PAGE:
Look, you and I both know that there’s no legitimate reason to writing a post like this in late June. I missed anything resembling timeliness months ago. But the way I figure it, why get lost in a sea of year end lists at the actual year end when you can do it when the next year is half over? Plus, writing this list late then using the intro paragraph to explain its lateness is practically a Critically Speaking tradition now.
I probably didn’t see enough movies to make an observation about the year in film as a whole, but if I’m not going to let something like the calendar stop me from posting, why should a lack of experience? By and large, when it came to the biggest promoted films, be they blockbusters or Oscar contenders, it wasn’t that impressive a year. Critics I read and trust have come out and said 2011 was one of their favorite years for film, but their lists supporting it are full of films that you’d be lucky to catch at all unless you live in a major metropolitan city. So I’ll trust them that the farther you looked this year, the more gems there were to unearth. Which would be awesome if I had more time to watch movies. But I don’t, so I was largely underwhelmed by the offerings of 2011, which is probably the biggest reason why I had little motivation for posting this in a timely fashion. But even with that lack of motivation, I have to say, I stand by every choice on this list. Maybe only one of them is what I’d truly describe as “great”, but all of them were well worth my time. And yours.
Honourable Mentions: Winnie the Pooh, Horrible Bosses, Hugo, Captain America: The First Avenger, Hanna
10. Mission: Impossible – Ghost Protocol – It turns out that to climb out of movie jail for the unforgivable crime of sullying his aura of celebrity, all Tom Cruise had to do was scale the largest building in the world. I have questions about the quality of the connective tissue, but the action scenes of this film were more than worth the price of admission, even if (especially if) that price was for an IMAX screening. “White knuckle action” is a cheap cliché, but when it comes to what Brad Bird was projecting on a 50 foot screen, it was the literal truth.
9. Moneyball – Just because this was right up my alley — a baseball movie written by Aaron Sorkin based on one of my favourite books — it doesn’t mean I wasn’t surprised when Sorkin, Bennett Miller, and Brad Pitt pulled it off. An underrated element of Michael Lewis’ writing has always been his ability to find narrative in seemingly complicated subjects, but that still doesn’t mean that I had faith in a film’s ability to adapt his look into the use of advanced statistics to exploit market inefficiencies. This movie successfully did, largely on the strength of Sorkin’s gift for dialogue, a strong supporting turn by Jonah Hill, and a full wattage movie star performance by Pitt that finds a way to invest us in a climax that centres around a baseball regular season winning streak (which, any stat-head will tell you, was a statistical anomaly more than sign of real success).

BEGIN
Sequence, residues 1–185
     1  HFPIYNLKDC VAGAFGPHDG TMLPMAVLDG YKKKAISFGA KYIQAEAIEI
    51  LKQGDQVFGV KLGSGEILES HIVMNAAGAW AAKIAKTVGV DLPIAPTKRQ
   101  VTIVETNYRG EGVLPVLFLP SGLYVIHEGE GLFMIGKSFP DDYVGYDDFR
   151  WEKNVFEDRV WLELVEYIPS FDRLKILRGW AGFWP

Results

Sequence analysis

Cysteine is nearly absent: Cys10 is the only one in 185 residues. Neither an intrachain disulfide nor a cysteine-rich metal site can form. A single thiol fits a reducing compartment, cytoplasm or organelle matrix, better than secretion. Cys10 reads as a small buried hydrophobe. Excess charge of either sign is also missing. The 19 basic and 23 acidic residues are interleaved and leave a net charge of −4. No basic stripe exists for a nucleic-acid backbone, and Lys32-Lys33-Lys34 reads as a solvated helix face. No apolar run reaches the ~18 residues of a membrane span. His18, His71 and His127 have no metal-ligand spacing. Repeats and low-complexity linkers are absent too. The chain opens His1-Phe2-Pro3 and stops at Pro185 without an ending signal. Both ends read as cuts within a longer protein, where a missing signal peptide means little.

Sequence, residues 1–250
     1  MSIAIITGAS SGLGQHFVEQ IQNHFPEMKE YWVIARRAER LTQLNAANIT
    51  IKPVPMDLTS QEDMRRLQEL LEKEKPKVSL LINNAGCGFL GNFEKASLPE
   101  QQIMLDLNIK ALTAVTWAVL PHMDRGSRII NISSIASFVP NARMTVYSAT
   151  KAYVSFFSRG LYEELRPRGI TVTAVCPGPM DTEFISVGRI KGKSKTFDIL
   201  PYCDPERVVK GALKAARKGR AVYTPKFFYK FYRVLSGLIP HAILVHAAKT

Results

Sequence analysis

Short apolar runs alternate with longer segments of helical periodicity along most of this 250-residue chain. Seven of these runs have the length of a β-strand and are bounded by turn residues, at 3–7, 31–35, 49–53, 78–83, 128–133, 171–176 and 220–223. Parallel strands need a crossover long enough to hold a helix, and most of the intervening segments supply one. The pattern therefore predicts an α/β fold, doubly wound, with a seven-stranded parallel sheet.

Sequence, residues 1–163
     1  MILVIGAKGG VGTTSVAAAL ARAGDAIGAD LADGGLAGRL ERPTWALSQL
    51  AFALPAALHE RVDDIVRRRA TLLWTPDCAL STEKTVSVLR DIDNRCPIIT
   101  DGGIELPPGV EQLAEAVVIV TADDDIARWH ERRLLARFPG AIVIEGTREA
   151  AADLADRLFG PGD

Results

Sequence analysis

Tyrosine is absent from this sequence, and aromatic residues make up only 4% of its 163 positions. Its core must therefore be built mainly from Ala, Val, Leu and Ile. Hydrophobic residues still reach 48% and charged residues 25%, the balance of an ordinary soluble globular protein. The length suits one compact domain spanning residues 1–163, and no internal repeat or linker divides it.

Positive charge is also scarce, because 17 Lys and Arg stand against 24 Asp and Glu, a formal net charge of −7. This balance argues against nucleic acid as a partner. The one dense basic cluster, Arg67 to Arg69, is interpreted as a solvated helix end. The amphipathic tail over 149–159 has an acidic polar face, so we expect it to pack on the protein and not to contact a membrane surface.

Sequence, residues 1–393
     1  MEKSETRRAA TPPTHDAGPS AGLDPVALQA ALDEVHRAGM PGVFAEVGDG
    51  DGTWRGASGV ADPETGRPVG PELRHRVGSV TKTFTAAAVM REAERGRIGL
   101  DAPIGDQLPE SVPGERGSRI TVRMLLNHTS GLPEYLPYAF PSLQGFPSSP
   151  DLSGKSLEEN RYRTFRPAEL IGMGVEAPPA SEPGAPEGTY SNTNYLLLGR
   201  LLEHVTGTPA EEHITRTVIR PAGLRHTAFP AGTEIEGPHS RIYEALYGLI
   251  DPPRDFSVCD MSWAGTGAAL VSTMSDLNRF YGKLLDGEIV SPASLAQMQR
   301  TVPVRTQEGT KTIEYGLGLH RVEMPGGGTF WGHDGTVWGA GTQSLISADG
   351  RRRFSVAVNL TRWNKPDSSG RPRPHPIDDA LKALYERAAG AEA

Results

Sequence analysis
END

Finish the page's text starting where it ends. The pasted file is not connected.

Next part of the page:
8. Win Win – This was the first movie I saw in 2011, and it took quite awhile until anything came along to replace it as my favourite for the year. In an era when quiet, adult films focusing on personal relationships and growth have been all but priced out of the market, Thomas McCarthy keeps consistently turning out just that. Even the world of indie film doesn’t frequently play in this sphere, tending more toward the controversial or offbeat, while McCarthy finds realism without drowning in misery or sensationalism. Some have wondered if McCarthy can step outside of the comfort zone he’s established with Win Win, The Visitor, or The Station Agent, but since he’s one of the few people delivering films with genuine personal connections, I’m unconvinced that he needs to.
7. Rango – This one surprised me. I haven’t seen any other of Gore Verbinski’s films and have had basically no interest in Johnny Depp for well over a decade. So I initially dismissed this as yet another exercise in Deppian quirk. And, well, it certainly is quirky, but what stood out the most was how inventive it was. It was less about furthering Depp’s brand of cult-ready quirk and more about expanding the possibilities of the medium.